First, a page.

Thanksgiving is a splendid holiday, but also a useful one. It reminds us that gratitude is a virtue. We owe the most satisfying parts of our lives to others and fool ourselves if we imagine otherwise.
We usually begin, rightly, by thanking our families since they are (if we are lucky) both the original and ongoing sources of love and nurture. But we should also be aware of our debt to institutions and their stewards. This year, a peculiar candidate for acknowledgment kept forcing its way into my thinking: journalism.
Since you are reading this in a newspaper or online at a media site, you might chuckle derisively at my presumption. The guy makes a living from journalism, so of course he's grateful.
True enough, but the political crisis we confront has encouraged a great many who are neither scribes nor broadcasters to consider why journalism matters to a democracy. Among the many helpful books and articles on this subject, I particularly recommend a 2009 essay by Paul Starr, a Princeton University professor.
One of his central observations, from cross-national studies: The lower the circulation of newspapers in a given country, the higher the level of corruption. Journalism, it turns out, is an essential restraint on abuses by the powers-that-be, and all the more so when the checks and balances inside government are faltering.
Since journalists are human beings, we are by our very natures flawed. It's not hard to point to our shortcomings. So in the interest of offering a model of what journalism is supposed to be (and, in the spirit of Thanksgiving, to express appreciation to someone I hold dear), permit me to introduce you to Shelly Binn, one of the best editors I will ever know.
Shelly, who died 11 years ago at the age of 83, was the New York Times' metropolitan political editor back when I covered state and local politics for the paper. One dramatic example will suffice to give you a sense of his devotion to service — and also of how much he loved politics.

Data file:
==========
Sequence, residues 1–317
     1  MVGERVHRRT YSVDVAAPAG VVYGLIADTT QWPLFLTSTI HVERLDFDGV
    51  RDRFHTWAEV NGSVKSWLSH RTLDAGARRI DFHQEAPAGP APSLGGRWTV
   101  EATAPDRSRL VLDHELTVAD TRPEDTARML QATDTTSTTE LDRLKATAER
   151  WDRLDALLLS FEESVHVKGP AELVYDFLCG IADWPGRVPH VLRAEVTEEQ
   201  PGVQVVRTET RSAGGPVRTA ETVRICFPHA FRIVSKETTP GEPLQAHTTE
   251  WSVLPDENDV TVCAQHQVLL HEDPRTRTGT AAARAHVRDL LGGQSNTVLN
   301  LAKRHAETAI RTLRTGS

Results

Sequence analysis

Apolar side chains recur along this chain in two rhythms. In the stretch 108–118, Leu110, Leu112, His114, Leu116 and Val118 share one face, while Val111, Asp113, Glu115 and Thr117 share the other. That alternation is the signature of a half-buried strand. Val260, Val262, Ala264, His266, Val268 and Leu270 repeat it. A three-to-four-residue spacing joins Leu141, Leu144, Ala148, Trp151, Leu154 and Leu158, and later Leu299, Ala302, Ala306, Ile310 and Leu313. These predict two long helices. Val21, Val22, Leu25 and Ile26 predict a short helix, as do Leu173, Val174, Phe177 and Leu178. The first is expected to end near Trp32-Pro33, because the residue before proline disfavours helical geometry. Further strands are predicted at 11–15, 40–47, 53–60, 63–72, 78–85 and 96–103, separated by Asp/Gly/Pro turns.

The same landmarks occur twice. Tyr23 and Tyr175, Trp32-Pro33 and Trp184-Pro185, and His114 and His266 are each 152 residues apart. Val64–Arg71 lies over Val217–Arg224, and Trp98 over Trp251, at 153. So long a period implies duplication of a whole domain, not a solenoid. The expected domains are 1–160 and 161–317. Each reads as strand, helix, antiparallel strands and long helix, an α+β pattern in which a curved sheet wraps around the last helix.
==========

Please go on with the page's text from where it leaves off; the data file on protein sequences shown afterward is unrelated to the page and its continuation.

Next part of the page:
On Nov. 3, 1944, Shelly, an Army antitank gunner, was gravely wounded in Holland and lost an eye. He was unconscious for four days, and when he finally came to, his very first question was not about his condition. He wanted to know if Franklin Roosevelt had won reelection.
Shelly believed passionately that an essential journalistic task was to provide citizens with unbiased information so they could influence the decisions that affected them. At one news meeting, he and his colleagues pondered an article for the next day's paper about a proposed master plan for development of Manhattan's West Side.
It was not the most exciting account, and one asked, "Can't we wait until they decide on it?"
To which Shelly shot back: "What the hell are we, Pravda?"
It's a question I hope we ask every day. Journalism shouldn't wait for some powerful "they" to settle things.
The best lesson Shelly ever taught me came when I shared information with him about alleged corruption by a politician. I knew another newspaper had it, too, but I wasn't sure it all checked out.
Shelly said something more editors should be willing to say in this age of instant publication online: "Sometimes, it's better to be second."
He was not trying to quell my competitive instincts. He very much wanted us to be first when we were right. But above all, he didn't want us to be wrong, especially when someone's reputation was at stake.
The competing paper published the charges first — and they turned out to be false.
Shelly had a delightful way of signaling that a seemingly harebrained idea came from above. "This is high church," he would say. He was telling us that we had to deal with the idea somehow, but that he'd back us up if we reached conclusions the top brass had not expected. And he always did.
It might surprise regular readers that one of my very favorite editors was rather conservative in his politics as he became disillusioned with what he saw as liberalism's failures.
But his personal politics never shaped his view of what constituted a valuable story. The writer Charles Kaiser, also a Shelly fan, noted that he "was so utterly straight that his judgment was never clouded by ideology" or, more miraculously, by "internal politics."
This is what day-to-day reporting strives for, and I give thanks that I encountered someone early on who truly took this mission to heart.